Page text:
Let Akaka Bill reconcile ceded lands issue


POSTED: Thursday, May 07, 2009

A dispute about ownership of Hawaiian ceded lands that went all the way to the U.S. Supreme Court has resulted in a settlement that should have been reached long ago. The final resolution of the issue should be achieved in negotiations resulting from enactment of U.S. Sen. Daniel Akaka's Hawaiian sovereignty bill.

The high court ruled unanimously in March that the congressional Apology Resolution of 1993 for the overthrow of the monarchy does not block sales or transfers of former crown land that was taken over by the federal government and ceded to Hawaii at statehood.

Intrinsic to the settlement between the state and the Office of Hawaiian Affairs, the chief plaintiff in the case, is the Legislature's enactment of Senate Bill 1677 that provides for a freeze on land transfers unless approved by a two-thirds vote of both chambers. Such a land-transfer vote is not foreseen.

Gov. Linda Lingle should sign the bill into law, having agreed that decisions about state lands are “;absolutely in the Legislature's authority.”; Her administration has no wish to sell or transfer any parcel of the 1.2 million acres, which encompass 29 percent of Hawaii's land and virtually all of state-owned land.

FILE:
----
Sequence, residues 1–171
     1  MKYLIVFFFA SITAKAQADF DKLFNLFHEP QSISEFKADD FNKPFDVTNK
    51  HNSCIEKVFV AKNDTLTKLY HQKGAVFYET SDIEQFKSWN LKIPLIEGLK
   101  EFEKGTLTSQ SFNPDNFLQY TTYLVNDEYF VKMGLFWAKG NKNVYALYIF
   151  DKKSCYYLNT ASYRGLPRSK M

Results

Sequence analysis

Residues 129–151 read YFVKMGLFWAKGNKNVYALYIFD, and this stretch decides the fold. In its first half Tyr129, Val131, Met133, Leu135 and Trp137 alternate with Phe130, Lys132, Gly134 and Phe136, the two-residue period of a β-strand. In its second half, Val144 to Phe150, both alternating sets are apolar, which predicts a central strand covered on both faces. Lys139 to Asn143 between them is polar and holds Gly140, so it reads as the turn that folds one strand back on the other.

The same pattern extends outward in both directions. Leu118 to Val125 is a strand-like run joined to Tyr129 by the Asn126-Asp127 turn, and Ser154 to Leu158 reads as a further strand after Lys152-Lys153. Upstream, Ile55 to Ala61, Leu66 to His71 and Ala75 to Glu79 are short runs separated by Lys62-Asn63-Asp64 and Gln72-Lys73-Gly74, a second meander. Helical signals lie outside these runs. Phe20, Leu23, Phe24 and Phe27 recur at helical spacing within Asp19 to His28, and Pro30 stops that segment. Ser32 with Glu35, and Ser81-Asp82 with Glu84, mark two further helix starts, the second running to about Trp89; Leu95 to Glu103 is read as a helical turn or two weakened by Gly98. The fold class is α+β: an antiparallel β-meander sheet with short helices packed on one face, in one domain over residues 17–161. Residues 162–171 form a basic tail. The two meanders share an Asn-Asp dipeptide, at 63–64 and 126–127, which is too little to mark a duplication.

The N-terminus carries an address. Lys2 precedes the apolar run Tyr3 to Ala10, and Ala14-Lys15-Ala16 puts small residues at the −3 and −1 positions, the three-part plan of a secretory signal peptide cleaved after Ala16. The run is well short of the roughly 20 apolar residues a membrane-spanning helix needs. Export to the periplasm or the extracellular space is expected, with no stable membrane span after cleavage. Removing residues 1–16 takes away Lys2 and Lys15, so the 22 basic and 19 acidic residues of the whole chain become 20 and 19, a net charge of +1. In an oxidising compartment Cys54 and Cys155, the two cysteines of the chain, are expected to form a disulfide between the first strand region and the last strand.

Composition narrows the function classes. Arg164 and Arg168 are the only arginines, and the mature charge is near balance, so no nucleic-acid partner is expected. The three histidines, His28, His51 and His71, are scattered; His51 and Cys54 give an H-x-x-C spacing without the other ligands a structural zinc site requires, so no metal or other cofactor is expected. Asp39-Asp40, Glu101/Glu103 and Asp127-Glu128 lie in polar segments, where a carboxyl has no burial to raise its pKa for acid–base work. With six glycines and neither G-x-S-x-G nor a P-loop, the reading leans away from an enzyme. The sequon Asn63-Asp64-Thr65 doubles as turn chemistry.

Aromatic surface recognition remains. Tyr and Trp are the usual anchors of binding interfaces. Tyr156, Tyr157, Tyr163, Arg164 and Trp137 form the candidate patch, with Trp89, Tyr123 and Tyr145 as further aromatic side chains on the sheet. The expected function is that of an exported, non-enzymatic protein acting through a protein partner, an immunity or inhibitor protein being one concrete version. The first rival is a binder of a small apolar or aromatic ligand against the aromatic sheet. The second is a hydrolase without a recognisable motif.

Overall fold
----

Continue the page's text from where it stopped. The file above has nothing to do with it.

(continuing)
The state under the Cayetano administration had planned to develop 500 acres of ceded land on Maui as residential housing. OHA rejected a compensating check for nearly $5.6 million, about 20 percent of the land's value, and challenged the land transfer. The Admission Act of 1959 provides that one-fifth of benefits from ceded land be dedicated to improving conditions for native Hawaiians.

The federal high court overruled the state Supreme Court's ruling that the Apology Resolution calls for the preservation of ceded lands until “;a proper foundation for reconciliation”; can resolve the issue of property claims. However, the reconciliation still should be provided by the Akaka Bill; the last two congressional elections and President Barack Obama's endorsement virtually assure its enactment.

Without the settlement, the federal high court's ruling would have returned the case to the state courts, where OHA would have maintained rights according to state statutes, as suggested by the federal justices. The issue of whether those laws are unconstitutionally discriminatory would have been argued at that level. The issue will be eliminated only after the Akaka Bill provides Hawaiians the same tribal status as indigenous peoples on the mainland.

In creating a framework for a native Hawaiian government, the Akaka Bill would authorize it to enter into negotiations with the state and federal governments. The issue of claims to ceded lands, including the validity of the Admission Act's provision, is certain to be at the top of the agenda.